What’s So Funny?

The context for laughter is everything.

When looking for a picture to accompany this essay, my daughter suggested this one where I am laughing on the last night of our trip to North Carolina in June.

I am walking from a hotel in the middle of an industrial park near the airport back to the hotel where the airline booked us a room because our flight had been canceled and we couldn’t get home. We had eaten at the sister hotel using airline vouchers. It was an unhealthy and unappetizing meal, but there were few options since I’m a vegetarian, so I ate greasy free food.

It had been a long day that included hours standing in line at the airline counter, yet here I am laughing because it was a beautiful night, my daughter was being flexible and lighthearted though she wanted to get home as much as I did, and, because unappetizing or not, I had food to eat and a place to rest my head.

The Mayo Clinic documents the benefits of laughing: it alleviates stress, improves the immune system, and boosts mood so that we can better deal with difficult situations.

Laughter can sting too, of course, as when we are the object of it.

When the main character of the young-adult novel Ghost finds himself the object of laughter at school, the seventh-grader “was literally shaking with embarrassment.”

Embarrassment merges into anger as Castle “wanted to break the desk. Or flip it over. Scream. Something. Anything.”

Castle, or Ghost as he calls himself, has endured parental abuse and a school bully who picks on him unrelentingly. While he gets in trouble for “altercations,” he has “never skipped class before. Never. I mean, I had my fair share of school problems, but I was never bold enough to just not go. And I definitely didn’t have the guts to walk out in the middle of the day. But now I didn’t have a choice. I had to get out of there.”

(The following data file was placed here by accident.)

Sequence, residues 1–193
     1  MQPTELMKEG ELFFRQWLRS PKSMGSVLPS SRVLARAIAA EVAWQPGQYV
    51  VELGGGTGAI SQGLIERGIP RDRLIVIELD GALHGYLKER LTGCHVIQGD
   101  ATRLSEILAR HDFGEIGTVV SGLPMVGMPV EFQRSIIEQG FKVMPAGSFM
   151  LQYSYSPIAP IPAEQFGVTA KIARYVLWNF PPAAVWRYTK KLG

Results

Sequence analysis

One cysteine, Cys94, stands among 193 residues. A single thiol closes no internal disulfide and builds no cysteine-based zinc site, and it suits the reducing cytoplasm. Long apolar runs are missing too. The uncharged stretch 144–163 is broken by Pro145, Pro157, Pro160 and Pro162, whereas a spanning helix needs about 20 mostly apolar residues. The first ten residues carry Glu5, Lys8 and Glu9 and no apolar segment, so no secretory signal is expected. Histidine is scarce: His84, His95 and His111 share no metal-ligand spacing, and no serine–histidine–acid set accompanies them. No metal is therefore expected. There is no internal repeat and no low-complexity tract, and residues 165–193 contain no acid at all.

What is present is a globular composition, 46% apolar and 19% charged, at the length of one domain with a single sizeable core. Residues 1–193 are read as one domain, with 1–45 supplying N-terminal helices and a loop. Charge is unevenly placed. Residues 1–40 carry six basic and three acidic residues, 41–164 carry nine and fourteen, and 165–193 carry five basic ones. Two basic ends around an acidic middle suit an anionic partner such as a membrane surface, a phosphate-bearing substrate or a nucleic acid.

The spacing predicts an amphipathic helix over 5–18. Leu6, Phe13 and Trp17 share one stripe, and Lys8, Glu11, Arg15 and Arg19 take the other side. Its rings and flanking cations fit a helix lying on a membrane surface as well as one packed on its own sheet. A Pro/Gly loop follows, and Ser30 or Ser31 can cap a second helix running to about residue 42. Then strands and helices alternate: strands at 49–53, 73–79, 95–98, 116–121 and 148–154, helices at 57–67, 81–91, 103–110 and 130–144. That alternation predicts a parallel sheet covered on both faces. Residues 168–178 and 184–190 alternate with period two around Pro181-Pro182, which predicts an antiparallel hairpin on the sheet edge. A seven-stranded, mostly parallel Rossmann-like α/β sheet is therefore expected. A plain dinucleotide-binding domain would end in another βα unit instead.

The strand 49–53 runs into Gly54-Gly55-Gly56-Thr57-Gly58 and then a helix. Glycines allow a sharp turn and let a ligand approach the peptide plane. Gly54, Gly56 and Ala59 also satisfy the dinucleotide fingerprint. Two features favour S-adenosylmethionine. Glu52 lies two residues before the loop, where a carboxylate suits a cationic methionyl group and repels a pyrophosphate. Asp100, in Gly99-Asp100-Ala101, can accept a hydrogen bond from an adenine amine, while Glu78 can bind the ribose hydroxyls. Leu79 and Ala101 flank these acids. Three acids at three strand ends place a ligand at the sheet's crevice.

Ghost has choices, but the mingled feelings of embarrassment and anger make him feel powerless.

Laughter was the tipping point because laughter can remind us of our vulnerability.

Author Jason Reynolds names the track team that Ghost joins the Defenders for good reason, as Ghost interacts with the world defensively, hence the laughter proving too strong.

In his work on laughter, John Charles Simon discusses the connection between laughter, vulnerability, and status. When we unsuccessfully face a hurdle (track pun intentional), we lose status, and being laughed at reinforces our fears around that.

During the Pleistocene Era, when humans lived in dangerous and rugged terrain, social anxiety evolved to protect us as a species. Alienate the other 120–150 with whom you lived, and they might unceremoniously invite you to live elsewhere, which, given life conditions back then, meant death. Social anxiety was better than a solo death and taught our ancestors to regulate their behavior since failure to navigate social niceties could result in dying.

Ghost is not in a life or death situation when his classmates laugh, but he’s been in a life or death situation previously thanks to his father, so social anxiety feels like a legitimate threat to his life, not a mere moment of vulnerability that won’t last. That’s evolution and personal experience doing double duty to create a sense of menace for him.

Let’s laugh at truly bad food as a way to empower ourselves and rise above mere annoyances.

Let’s be mindful that laughter can make someone feel so vulnerable that he may feel he has no choices.

Laughter is powerful. Let’s use it well.



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Kathryn Duncan

Kathryn Duncan


Kathryn Duncan is an English professor and author of the book Jane Austen and the Buddha: Teachers of Enlightenment.